Questions answered about tracking classified documents
It depends on the level of classification.
The revelations about the handling of classified documents involving President Joe Biden -- and previously former President Donald Trump -- have raised concerns about the procedures for keeping and tracking such records.
ABC News spoke about the legal and other requirements with contributor John Cohen, a former Department of Homeland Security acting undersecretary for intelligence.
Here are answers to some key questions:
Is it unusual for a president or vice president to take documents home with them?
No. According to experts, the White House security office makes arrangements to safely store classified documents securely at other locations such as residences.
What is the process for turning over documents when a president or vice president leaves office?
The White House and its staff are obligated to return all government records covered under the Presidential Records Act, which includes all classified documents. For the majority of classified documents, there is no enforcement mechanism to ensure they get returned. It essentially boils down to an honor system. Only the most highly sensitive documents operate under a check-out, check-in system, and that represents only a small percentage of all classified documents.
If it's an honor system, how do you get caught?
Most of the time, missing or mishandled documents are discovered in one of two ways: someone either self-reports or someone discovers them and then reports it.
Not all classified documents are treated equally
The most sensitive classified documents are serialized, for example, whereas less-sensitive files are not. There are some documents so sensitive they cannot leave the room in which they are presented. But it is important to note that the majority of classified government documents are not tracked item by item.
It is possible that thousands of government employees have the ability to search, print, and download classified documents from the government system. While government systems are able to track what an individual is downloading or printing, experts say that would be flagged only if it seems unusual for that employee to request such documents.
The most highly sensitive classified documents fall under a check-out system
This represents only a small fraction of all the government's classified documents.
In that case, the White House security office has the document and ensures the requestor has the proper clearance. Then, a form is filled out and the document is essentially checked out. At a later date, the security office would then check with the staffer to confirm they still have the document(s). Such items are, therefore, much more difficult for a president or vice president to accidentally take with them post-presidency.
ABC News has reported that some documents found at the Penn Biden Center were marked top secret, but even top-secret materials would not typically operate under a sign-in, sign-out system. That system would apply only to top secret documents with an associated compartment -- for example, TS/SCI (top secret/sensitive compartmentalized information).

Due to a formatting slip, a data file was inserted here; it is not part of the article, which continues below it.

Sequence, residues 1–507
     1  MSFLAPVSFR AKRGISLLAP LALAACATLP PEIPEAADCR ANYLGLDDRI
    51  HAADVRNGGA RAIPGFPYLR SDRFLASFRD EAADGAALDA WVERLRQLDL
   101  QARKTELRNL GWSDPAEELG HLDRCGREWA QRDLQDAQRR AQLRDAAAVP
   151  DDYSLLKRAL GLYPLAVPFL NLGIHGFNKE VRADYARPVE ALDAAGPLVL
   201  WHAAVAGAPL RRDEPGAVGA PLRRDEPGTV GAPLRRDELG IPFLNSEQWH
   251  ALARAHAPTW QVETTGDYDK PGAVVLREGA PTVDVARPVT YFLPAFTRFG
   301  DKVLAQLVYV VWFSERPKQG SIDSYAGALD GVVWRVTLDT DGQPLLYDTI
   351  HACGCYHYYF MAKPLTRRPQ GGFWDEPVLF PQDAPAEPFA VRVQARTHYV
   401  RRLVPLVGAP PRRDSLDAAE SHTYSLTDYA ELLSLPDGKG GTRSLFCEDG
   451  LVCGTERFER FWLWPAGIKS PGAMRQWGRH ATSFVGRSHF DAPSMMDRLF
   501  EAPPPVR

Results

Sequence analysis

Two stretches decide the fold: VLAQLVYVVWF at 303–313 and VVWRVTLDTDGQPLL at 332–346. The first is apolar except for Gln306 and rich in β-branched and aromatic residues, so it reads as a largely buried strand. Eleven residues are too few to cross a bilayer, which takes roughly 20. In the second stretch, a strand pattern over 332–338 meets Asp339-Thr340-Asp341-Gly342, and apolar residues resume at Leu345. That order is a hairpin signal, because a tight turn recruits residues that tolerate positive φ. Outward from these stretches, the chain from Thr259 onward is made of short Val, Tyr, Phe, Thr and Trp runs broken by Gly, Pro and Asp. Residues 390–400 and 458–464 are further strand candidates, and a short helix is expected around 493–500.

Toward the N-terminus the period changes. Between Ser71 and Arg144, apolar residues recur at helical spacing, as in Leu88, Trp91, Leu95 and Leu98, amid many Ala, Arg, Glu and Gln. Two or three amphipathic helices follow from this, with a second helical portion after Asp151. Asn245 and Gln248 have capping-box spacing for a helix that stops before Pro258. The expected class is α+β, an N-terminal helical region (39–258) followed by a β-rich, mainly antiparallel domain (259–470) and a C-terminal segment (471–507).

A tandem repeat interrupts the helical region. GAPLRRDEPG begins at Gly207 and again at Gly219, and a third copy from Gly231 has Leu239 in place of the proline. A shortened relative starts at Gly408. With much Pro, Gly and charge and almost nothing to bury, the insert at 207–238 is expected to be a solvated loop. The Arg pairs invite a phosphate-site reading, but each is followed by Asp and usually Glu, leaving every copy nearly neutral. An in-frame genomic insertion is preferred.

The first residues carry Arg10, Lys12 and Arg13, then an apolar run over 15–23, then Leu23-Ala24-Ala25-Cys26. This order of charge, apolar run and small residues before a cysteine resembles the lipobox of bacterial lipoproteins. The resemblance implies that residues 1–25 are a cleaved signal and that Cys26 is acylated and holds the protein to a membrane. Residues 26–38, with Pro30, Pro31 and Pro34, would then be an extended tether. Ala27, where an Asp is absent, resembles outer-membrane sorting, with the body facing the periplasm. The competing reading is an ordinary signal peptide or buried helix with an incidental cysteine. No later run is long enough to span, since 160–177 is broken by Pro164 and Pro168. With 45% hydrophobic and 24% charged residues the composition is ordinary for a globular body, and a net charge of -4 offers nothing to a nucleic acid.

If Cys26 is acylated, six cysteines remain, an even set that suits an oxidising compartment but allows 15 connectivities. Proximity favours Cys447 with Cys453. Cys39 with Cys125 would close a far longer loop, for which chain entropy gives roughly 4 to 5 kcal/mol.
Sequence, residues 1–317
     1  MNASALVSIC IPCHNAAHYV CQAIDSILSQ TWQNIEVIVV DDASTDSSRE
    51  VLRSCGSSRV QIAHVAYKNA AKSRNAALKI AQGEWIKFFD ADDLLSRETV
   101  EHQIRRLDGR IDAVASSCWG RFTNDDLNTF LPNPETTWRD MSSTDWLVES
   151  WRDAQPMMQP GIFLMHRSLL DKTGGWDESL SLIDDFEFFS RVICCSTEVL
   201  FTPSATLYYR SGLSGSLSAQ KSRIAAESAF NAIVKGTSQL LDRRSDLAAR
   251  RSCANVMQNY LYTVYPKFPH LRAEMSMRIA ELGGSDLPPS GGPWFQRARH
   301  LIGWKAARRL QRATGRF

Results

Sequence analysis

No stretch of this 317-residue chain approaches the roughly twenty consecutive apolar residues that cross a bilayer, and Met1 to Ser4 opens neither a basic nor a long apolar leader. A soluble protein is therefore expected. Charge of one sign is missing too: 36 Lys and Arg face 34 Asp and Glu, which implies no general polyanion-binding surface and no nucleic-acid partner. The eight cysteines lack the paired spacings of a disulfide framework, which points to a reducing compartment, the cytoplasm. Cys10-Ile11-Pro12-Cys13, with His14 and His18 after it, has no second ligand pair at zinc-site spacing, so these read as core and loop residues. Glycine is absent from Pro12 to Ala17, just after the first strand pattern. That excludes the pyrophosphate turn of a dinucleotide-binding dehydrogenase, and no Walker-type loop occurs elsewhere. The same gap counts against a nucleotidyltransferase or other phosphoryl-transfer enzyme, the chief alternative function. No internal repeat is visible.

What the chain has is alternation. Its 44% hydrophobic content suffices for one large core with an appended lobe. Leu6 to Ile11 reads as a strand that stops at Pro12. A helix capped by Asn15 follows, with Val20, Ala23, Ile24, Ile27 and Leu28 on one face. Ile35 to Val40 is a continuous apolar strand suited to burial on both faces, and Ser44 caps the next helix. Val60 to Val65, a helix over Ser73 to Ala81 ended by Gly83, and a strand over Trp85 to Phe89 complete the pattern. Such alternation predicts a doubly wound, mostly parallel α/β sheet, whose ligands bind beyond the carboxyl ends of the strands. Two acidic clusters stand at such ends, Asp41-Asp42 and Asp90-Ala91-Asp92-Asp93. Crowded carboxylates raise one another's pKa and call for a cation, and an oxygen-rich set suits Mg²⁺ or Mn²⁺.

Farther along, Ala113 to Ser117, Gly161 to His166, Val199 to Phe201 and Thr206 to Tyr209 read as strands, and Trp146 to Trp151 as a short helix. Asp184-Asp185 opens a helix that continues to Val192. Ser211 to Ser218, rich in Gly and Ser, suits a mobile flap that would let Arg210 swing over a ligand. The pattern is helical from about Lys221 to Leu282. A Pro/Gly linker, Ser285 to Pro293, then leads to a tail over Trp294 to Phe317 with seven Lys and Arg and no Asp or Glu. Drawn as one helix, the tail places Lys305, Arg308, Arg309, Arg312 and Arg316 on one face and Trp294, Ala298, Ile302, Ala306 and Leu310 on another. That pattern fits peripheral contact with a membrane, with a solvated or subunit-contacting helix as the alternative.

What about the National Archives?
The National Archives relies on the outgoing White House for a full accounting of the documents the administration is turning over, essentially an honor system.
The White House security office in every administration is tasked with properly preparing staff to preserve their records and ensure that all government documents, notes, etc., including those that may be classified, are accounted for and returned.
The honor system is subject to failure though, and not everyone complies fully or is sufficiently careful. Classified materials could be inadvertently packed without the appropriate oversight, ABC News contributor John Cohen said.
In the case of Donald Trump, the National Archives realized that especially sensitive records from his administration were missing, such as Trump's letter to North Korean Dictator Kim Jong Un.
"For example, the original correspondence between President Trump and North Korean Leader Kim Jong-un were not transferred to us; it is our understanding that in January 2021, just prior to the end of the Administration, the originals were put in a binder for the President, but were never returned to the Office of Records Management for transfer to NARA," National Archives lawyer Gary Stern wrote in an email to Trump's legal team.
It was only after 15 boxes were retrieved from Mar-a-Lago that the Archives discovered they included documents with classification markings. The Archives also became aware of additional missing government papers through congressional investigations. For example, the House Jan. 6 committee made several requests of the Archives for specific documents and when the Archives went to search for them, some were not there.
The process for regulating the whereabouts of classified documents is challenging because some such information can live on through administrations, Cohen said. It is also possible that the president, vice president, or an administration staffer removes a few pages of a larger classified binder.
And when a president or vice president is found to have classified information in their personal possession, the government likely has its own copy. When presidents or vice presidents are still in office, there are often arrangements made to safely store classified documents securely at other residences.
In both the cases of Biden and Trump, records with classification markings were not properly handled or secured and were discovered after both left office.
"Going forward, the special prosecutors in each instance have been tasked with investigating whether any risks to national security have occurred and whether any criminal charges will be presented," said Javed Ali, the former senior counterterrorism director on the National Security Council.